- The claims were based on estimated loss and were contingent in nature and was not adjudicated by any competent authority.
- The Appellant violated the principle of ‘No loss from the breach, no damages’, which means that if the Appellant has not faced loss or if there is actually loss of the Appellant as per the claim, then the Appellant has to approach an adjudicator as per the General Conditions of Contract (“GCC”). The Appellant did not approach any adjudicator to adjudicate the amount of damage.
- After the completion of the Liquidation Process, the Respondent No. 1 filed an application as per Regulation 45 of the Liquidation Regulations along with the Final Report and the compliance certificate in ‘Form- H’ to the Adjudicating Authority for closure of the liquidation process of the Corporate Debtor where the Corporate Debtor is sold as a going concern and the Adjudicating Authority vide order dated April 19, 2022 allowed the said application and passed the order of closure of the Liquidation Process and also held that the Respondent No. 1 stands discharged from his responsibility. Therefore, at this stage there is no option but to reject the appeal as the Impugned Order is well reasoned.
Decision of NCLAT:
Re: Rejection of claim of the Appellant
- The Adjudicating Authority ought to have examined the claims of the Appellant and allowed the ones that could be verified straight away such as advance outstanding, material/ miscellaneous expenditure etc. and considered the others based on Regulation 25 of the Liquidation Regulations.
- The claims of the Appellant are covered under section 3(6) of the Code and falls under the category of “other creditor” in terms of Regulation 20 of the Liquidation Regulations, therefore, has a right to be included in the ‘List of Stakeholders’ of the Company in Liquidation as an 'other creditor’.
- The ‘Liquidator’, unlike the ‘Resolution Professional’, is required to admit or reject the claim on the basis of documentary evidence submitted to him. The role of the ‘Liquidator’ is quasi-judicial in contrast to role of the ‘Resolution Professional’ which is administrative.
Re: Sale of Company under Liquidation as a ‘Going Concern’
- When the Corporate Debtor is being sold as ‘Going Concern’ in terms of Regulation 32A of Liquidation Regulations, the same shall include transfer of both assets and liabilities. (Relied upon Para 9 of M/s. Visisth Services Limited v. S.V. Ramani, CA (AT) (Ins) No. 896 of 2020)
- The Respondent No. 1 failed miserably to understand that he is required to transfer ‘Assets & Liabilities’, together and not ‘Assets’ bereft of ‘Liabilities’ when the Corporate Debtor is being sold as a going concern i.e., the entire business, ‘Assets & Liabilities’ including all contracts. Therefore, Respondent No. 1 could not have excluded the genuine claims of the Appellant while entering into the memorandum of understanding with the KSYEPL.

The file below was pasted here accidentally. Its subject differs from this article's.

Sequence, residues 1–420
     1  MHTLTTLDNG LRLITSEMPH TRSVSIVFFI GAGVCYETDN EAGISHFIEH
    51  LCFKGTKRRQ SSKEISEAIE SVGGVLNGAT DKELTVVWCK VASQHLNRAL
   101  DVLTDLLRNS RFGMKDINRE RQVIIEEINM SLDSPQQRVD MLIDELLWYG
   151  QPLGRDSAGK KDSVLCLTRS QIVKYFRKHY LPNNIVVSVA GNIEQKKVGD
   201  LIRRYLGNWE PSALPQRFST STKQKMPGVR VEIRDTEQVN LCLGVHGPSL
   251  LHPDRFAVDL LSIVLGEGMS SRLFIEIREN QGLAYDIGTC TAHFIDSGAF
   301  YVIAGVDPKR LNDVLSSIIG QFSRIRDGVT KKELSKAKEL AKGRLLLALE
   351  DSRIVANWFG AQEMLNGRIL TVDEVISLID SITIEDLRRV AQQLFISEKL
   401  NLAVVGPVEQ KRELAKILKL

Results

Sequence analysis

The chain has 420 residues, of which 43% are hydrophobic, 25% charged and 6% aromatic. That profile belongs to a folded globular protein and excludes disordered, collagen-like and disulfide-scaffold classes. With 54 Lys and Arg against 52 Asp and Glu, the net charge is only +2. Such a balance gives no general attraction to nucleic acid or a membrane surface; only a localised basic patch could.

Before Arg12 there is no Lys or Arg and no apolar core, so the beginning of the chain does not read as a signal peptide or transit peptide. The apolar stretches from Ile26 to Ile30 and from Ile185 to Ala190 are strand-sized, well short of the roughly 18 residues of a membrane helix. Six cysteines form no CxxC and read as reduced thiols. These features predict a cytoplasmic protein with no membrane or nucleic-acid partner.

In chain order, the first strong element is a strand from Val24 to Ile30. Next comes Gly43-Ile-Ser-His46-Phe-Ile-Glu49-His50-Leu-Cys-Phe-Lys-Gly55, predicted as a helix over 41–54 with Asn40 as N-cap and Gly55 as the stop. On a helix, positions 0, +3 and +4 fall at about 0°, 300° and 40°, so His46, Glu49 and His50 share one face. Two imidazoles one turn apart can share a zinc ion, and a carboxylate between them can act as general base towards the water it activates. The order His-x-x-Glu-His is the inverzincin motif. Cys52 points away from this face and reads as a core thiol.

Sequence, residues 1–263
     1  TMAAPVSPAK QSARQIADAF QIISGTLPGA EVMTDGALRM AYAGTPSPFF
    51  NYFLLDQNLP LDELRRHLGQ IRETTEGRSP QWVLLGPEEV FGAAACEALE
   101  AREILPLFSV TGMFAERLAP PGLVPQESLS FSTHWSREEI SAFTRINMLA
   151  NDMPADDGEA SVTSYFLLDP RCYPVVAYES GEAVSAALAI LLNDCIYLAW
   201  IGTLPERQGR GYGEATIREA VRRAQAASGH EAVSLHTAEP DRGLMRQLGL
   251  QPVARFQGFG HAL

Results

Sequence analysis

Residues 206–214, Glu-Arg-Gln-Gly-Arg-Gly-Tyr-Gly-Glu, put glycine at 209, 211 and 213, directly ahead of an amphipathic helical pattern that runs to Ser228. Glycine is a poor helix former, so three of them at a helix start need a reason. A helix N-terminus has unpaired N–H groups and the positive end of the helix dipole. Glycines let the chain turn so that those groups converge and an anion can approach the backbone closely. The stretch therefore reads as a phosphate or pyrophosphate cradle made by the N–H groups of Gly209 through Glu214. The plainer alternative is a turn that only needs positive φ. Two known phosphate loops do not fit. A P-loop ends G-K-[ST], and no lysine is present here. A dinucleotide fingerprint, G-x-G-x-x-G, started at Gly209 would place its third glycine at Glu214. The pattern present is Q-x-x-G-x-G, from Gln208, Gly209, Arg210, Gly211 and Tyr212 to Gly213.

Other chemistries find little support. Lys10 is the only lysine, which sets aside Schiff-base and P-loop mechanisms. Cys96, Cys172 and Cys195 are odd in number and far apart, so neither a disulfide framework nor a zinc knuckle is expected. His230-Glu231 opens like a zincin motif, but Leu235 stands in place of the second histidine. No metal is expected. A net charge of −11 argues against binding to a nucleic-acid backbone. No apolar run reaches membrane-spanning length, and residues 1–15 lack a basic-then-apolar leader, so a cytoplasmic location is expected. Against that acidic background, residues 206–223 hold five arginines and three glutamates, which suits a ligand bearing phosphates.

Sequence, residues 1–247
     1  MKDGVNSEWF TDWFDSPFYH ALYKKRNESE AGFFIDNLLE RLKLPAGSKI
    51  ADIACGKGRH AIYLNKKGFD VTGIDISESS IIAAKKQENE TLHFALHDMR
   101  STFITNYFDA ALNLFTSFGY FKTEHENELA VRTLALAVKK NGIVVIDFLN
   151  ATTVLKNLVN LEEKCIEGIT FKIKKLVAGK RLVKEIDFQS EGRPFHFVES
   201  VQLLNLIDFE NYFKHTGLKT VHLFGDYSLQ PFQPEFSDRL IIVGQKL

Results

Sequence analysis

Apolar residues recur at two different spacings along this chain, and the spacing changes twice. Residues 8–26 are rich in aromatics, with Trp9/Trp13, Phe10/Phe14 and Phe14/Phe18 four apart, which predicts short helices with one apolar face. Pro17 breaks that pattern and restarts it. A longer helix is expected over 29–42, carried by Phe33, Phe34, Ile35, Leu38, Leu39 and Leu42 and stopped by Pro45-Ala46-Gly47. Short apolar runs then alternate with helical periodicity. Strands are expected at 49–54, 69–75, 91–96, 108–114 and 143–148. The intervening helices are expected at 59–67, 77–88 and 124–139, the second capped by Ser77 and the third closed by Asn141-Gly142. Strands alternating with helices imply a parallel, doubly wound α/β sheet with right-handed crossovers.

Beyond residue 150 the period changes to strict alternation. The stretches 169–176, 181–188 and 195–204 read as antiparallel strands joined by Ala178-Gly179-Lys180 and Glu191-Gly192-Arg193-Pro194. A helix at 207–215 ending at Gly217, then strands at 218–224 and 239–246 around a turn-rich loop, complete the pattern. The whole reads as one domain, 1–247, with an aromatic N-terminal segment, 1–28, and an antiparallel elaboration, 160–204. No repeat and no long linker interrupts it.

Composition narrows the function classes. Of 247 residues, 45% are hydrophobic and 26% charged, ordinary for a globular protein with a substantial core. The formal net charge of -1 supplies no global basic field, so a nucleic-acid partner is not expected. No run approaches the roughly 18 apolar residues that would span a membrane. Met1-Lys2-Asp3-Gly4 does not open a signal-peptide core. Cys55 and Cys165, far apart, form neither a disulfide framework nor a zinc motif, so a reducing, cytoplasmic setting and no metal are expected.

- In the absence of any right available with the Appellant under law to pursue his claims against Corporate Debtor, the Appellant could not have been deprived of its claims, while forcing the Appellant to accept a new entity as a contractor.
- In a generic manner, the expression ‘Assets & Liabilities’ means the assets together with liabilities. It cannot be the case of the Respondents’ that the ‘Assets’ on a particular date can be transferred sans the corresponding ‘Liabilities’. The claims of the Appellant were prima-facia payable by the Corporate Debtor.
- The Impugned Order was set aside, and matter was remanded back to the Adjudicating Authority to decide the petition on merits.
In the present judgement, NCLAT has thrown light on role of liquidator as compared to the role of a resolution professional. It has further reiterated the established principles of ‘sale as a going concern’ by clearly stating that when a corporate debtor is being sold as a ‘going concern’, there must be a transfer of both assets and liabilities.
It has also given a sigh of relief to several creditors whose claim are rejected wrongly by the liquidator and while their appeal is pending against such wrongful rejection, the corporate debtor is sold/ liquidated. It has recognised the fact that the creditors cannot be left remediless, and it is the duty of the Liquidator to ensure that all the rightful claims are duly considered.
Please find attached a copy of the judgement.
This update has been contributed by R. Sudhinder (Senior Partner) and Aastha Trivedi (Senior Associate).